This $5 Device Can Hack your Password-Protected Computers in Just One Minute

You need to be more careful next time while leaving your computer unattended at your office, as it cost hackers just $5 and only 30 seconds to hack into any computer.


Well-known hardware hacker Samy Kamkar has once again devised a cheap exploit tool, this time that takes just 30 seconds to install a privacy-invading backdoor into your computer, even if it is locked with a strong password.

Dubbed PoisonTap, the new exploit tool runs freely available software on a tiny $5/£4 Raspberry Pi Zero microcomputer, which is attached to a USB adapter.

The attack works even if the targeted computer is password-protected if a browser is left open in the computer’s background.

All an attacker need is to plug the nasty device in the target computer and wait.

Here’s How PoisonTap works:

Once plugged into a Windows or Mac computer via USB port, the tiny device starts impersonating a new ethernet connection.

Even if the victim’s device is connected to a WiFi network, PoisonTap is programmed in such a way that tricks the computer into prioritizing its network connection to PoisonTap over the victim’s WiFi network.

With that man-in-the-middle position, PoisonTap intercepts all unencrypted all Web traffic and steals any HTTP authentication cookies used to log into private accounts as well as sessions for the Alexa top 1 Million sites from the victim’s browser.

PoisonTap then sends that data to a server controlled by the attacker.

Kamkar said that cookie stealing is possible as long as a web browser application is running in the background, even if the application is not actively used.

So even if you are away from your machine, there are always chances that at least one tab in your browser is open, which still periodically loads new bits of HTTP data such as ads or news updates, which do not use HTTPS web encryption.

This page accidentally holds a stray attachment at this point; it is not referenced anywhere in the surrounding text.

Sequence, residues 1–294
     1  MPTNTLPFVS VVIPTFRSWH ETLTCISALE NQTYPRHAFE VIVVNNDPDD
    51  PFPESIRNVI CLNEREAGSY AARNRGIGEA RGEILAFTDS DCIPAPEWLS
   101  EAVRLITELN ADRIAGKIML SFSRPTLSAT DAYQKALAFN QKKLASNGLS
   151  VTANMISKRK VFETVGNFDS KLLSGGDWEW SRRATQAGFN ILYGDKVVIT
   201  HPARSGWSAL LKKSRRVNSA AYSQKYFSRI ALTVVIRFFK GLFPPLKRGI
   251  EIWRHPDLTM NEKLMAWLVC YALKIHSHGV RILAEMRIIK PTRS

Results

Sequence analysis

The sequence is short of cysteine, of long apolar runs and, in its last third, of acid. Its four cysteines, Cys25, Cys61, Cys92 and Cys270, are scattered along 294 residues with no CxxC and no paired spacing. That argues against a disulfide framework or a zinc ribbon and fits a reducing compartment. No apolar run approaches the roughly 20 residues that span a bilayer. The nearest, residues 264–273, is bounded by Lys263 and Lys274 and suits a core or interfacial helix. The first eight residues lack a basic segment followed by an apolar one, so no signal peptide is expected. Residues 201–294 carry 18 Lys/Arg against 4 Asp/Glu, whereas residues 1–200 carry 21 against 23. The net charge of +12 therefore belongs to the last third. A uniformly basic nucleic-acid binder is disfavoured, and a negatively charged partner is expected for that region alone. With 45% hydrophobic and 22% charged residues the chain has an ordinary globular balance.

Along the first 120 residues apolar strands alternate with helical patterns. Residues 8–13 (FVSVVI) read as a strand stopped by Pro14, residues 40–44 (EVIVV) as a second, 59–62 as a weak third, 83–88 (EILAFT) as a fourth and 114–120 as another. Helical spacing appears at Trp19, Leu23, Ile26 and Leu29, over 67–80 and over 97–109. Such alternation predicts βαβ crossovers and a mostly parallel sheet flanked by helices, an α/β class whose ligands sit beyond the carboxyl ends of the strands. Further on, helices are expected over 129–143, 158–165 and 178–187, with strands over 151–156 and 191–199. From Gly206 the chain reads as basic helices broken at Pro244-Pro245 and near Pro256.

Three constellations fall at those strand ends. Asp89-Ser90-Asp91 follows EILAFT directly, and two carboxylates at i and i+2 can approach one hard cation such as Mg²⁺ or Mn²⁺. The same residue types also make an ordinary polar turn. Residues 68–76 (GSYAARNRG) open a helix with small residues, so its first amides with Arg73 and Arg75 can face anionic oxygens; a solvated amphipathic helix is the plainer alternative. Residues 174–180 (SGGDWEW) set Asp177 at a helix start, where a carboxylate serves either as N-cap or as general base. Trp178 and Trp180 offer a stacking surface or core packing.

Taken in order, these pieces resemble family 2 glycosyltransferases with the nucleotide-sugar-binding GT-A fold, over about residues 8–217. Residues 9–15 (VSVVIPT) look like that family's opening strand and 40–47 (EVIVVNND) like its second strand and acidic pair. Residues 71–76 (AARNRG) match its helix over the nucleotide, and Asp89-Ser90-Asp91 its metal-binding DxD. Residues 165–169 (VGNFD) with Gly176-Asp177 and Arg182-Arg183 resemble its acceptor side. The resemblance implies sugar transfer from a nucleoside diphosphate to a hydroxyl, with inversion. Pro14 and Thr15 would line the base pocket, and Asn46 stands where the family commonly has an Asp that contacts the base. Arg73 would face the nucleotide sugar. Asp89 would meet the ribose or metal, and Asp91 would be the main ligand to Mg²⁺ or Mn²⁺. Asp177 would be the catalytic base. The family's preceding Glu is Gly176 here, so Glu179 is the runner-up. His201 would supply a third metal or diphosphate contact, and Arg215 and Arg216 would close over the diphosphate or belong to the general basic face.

The Hacking Tool Allows Attacker to Remotely Control your Computer

Here’s the kick: The hacking tool also allows an attacker to install persistent web-based backdoors in HTTP cache for hundreds of thousands of domains, making the victim’s Web browser as well as local network remotely controllable by the attacker.

The attack also allows “an attacker to remotely force the user to make HTTP requests and proxy back responses (GET & POSTs) with the user’s cookies on any backdoored domain,” Kamkar said.

Even after PoisonTap is unplugged from the targeted computer, the backdoors still remain, and the hacker will still be able to remotely gain control of the target device at a later time.

What’s more? Since the hacking tool siphons cookies and not credentials, the hacker can also hijack the target user’s online accounts even if the victim has two-factor authentication (2FA) enabled.

Kamkar points out that his tool can also bypass several other security mechanisms, such as same-origin policy (SOP), X-Frame-Options HTTP response headers, HttpOnly cookies, DNS pinning, as well as cross-origin resource sharing (CORS).

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